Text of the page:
An article in the April issue of Psychology Today focuses on an issue familiar with those of us in Toastmasters, but to some extent with a somewhat different, even favourable, position.
One goal in Toastmasters continuously is to reduce, ideally weed out, filler words and sounds; the point of view expressed in Psychology Today is that the person or circumstances dictate some flexibility in applying such a strategy.
Thus, what many regularly view as distracting interjections – ums and ahs, you knows, etc. – rather may be heard as “tiny conversational tools, gently guiding dialogue forward”. The author posits that filler words “signal that the speaker is having trouble producing a thought” – no argument from Toastmasters here – and that such utterances “ask the listener to stay tuned while the problem is resolved”. The Toastmasters perspective takes more into account the listener, who’s trying to decipher continuity in the message.
The author also asserts that filler words ‘alert listeners’ – as opposed to distracting them – so they will pay greater attention to what follows. This may be so at times, but in my experience the listener is just as likely focused on piecing the flow together.
What many in Toastmasters would also question is a research finding that filler words can actually be positive aids to understanding and remembering a message. I can recall a speaker of some repute at a World Press Freedom Day luncheon, whose continually ending sentences with filler words was quite frustrating, generating the opposite result.
It is fair to point out that context does influence the desirability of limiting verbal pauses. For example, verbal distractions will negatively impact a job interview or public presentation; but in casual conversation they come across as a more natural part of speaking, and ‘perfect speech’ could even be unsettling.
Other points raised in the article would seem somewhat less contentious.
Speaking in a higher-pitched versus a lower-pitched voice is generally a disadvantage. There are occupations, such as opera singers, where the former quality is rewarded. But usually, a lower voice is considered more appealing, more likely to enhance credibility. A common feeling is that “low voices signal a more aggressive, dominant, and confident individual”. Consider those who do audio work for commercials: a commanding type of voiceover is typically what we hear.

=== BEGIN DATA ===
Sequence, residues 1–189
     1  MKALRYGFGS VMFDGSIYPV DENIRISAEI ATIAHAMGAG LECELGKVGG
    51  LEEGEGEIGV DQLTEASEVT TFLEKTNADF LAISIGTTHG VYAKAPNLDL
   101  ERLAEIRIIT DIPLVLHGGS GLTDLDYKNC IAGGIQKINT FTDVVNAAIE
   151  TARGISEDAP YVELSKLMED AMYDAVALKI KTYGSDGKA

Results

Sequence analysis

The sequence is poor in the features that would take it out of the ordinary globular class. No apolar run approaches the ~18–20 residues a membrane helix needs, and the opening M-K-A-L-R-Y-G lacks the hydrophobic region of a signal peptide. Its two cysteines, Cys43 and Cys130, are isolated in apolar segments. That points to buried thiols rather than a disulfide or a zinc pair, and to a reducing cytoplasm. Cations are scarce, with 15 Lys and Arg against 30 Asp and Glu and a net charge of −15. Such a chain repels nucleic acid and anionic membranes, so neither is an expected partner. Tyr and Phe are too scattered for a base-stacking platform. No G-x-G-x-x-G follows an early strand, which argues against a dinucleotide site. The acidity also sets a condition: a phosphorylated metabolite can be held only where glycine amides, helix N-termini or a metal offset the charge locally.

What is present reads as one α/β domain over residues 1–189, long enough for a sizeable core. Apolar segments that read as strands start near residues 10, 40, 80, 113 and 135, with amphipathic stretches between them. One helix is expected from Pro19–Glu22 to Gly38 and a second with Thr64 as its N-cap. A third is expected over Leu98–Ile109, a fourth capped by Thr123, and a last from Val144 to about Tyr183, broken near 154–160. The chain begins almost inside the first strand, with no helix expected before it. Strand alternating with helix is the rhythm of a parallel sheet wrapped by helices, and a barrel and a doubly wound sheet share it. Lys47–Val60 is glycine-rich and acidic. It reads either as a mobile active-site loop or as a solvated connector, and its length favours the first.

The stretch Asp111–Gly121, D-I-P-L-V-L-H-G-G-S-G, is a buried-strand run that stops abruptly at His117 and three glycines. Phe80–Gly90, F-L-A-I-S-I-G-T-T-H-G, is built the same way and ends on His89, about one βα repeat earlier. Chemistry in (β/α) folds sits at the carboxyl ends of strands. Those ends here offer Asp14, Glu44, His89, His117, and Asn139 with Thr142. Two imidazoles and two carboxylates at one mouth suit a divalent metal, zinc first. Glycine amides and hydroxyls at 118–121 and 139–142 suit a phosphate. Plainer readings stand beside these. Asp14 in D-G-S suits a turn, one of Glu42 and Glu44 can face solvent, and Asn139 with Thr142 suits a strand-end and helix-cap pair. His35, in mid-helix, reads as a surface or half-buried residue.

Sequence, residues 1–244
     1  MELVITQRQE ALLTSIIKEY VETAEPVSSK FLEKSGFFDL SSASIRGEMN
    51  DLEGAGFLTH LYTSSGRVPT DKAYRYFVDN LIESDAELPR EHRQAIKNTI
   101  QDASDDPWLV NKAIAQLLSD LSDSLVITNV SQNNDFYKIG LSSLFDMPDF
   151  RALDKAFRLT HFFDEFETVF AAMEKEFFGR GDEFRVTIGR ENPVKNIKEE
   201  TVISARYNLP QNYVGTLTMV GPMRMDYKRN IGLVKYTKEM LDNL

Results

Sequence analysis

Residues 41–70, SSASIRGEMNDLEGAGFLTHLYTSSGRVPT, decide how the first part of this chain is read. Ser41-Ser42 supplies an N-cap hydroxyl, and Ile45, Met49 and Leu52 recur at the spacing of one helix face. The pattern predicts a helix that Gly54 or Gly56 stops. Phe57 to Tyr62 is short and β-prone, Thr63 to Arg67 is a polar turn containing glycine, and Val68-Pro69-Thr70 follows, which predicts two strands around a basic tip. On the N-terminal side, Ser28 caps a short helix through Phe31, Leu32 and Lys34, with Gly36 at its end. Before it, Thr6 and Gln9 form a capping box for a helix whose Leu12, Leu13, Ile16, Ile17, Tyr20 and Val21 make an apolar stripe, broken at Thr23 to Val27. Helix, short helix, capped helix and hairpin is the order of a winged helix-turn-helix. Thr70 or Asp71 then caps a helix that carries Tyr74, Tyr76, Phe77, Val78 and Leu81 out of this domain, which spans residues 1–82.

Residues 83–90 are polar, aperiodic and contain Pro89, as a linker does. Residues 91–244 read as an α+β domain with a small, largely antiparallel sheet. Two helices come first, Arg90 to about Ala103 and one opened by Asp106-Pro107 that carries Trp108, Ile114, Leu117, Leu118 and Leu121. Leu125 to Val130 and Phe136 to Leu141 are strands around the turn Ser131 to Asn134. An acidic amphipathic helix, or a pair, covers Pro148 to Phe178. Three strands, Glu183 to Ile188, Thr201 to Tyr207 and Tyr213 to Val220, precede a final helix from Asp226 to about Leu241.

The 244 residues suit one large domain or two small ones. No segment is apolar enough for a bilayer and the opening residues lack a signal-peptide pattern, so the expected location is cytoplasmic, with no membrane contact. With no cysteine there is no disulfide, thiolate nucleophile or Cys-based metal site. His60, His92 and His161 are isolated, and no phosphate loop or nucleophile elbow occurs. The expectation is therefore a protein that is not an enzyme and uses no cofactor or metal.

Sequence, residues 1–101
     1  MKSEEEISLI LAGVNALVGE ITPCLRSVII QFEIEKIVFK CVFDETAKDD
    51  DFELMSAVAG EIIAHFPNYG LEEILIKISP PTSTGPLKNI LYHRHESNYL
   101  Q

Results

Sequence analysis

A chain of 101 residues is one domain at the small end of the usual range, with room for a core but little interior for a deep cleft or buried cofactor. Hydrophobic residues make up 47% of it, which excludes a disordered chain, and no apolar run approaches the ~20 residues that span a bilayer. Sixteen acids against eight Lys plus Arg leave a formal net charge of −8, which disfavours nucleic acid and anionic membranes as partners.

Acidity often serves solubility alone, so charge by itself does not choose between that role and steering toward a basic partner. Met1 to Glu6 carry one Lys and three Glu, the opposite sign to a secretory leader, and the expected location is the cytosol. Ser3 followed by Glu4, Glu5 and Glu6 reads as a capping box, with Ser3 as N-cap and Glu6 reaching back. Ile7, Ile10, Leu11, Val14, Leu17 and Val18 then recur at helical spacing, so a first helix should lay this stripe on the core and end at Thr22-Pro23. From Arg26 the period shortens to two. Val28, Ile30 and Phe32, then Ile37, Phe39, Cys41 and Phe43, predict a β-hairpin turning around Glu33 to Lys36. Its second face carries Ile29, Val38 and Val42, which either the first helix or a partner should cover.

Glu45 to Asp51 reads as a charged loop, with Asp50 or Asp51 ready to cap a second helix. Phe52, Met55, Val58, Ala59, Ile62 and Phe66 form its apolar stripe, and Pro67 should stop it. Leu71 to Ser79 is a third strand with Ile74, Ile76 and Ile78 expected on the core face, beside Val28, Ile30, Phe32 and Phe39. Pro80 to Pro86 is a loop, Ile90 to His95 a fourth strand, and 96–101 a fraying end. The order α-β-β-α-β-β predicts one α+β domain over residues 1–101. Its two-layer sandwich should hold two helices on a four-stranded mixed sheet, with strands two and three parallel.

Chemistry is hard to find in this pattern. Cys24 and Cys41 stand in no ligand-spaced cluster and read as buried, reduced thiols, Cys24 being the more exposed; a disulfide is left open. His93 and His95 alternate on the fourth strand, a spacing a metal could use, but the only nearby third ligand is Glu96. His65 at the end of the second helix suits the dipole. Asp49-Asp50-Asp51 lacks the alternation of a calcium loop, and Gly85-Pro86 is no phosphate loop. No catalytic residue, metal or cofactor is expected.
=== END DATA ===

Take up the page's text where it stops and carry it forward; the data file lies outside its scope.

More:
Nervousness tends to cause a voice to be higher when speaking in public. Those aware of this can try to modulate their tone in response.
Talking rapidly can be a ‘six of one, half a dozen of another’ characteristic. Many have a perception of fast talkers as displaying charisma, in the sense of feeling there is a connection ‘between speed and fluency’. On the other hand, talking too quickly can come across as nervousness which makes it difficult for listeners to get the whole message. Those with this tendency would be well-served to slow down especially during important addresses. Situations can also help the speaker more proactively alter speech speed, such as in talking with a child.
Like it or not, perceptions about others’ accents is quite subjective. Someone in one culture will hear foreign accents as more intelligent than if from another culture. Those with familiar region accents are often viewed as more approachable. Accent familiarity tends to correlate with being perceived as knowledgeable and trustworthy.
There is an inherent bias to favouring those in one’s own group, as impacted by accent. As one becomes an adult, interactions can arise where such a bias can cause problems, such as in interviews or public encounters. According to research, having a confident tone can help offset the inclinations of bias.
A picture may be worth a thousand words – but if those words are verbalized, fillers and unintended perceptions may challenge the idea that the picture is seen completely.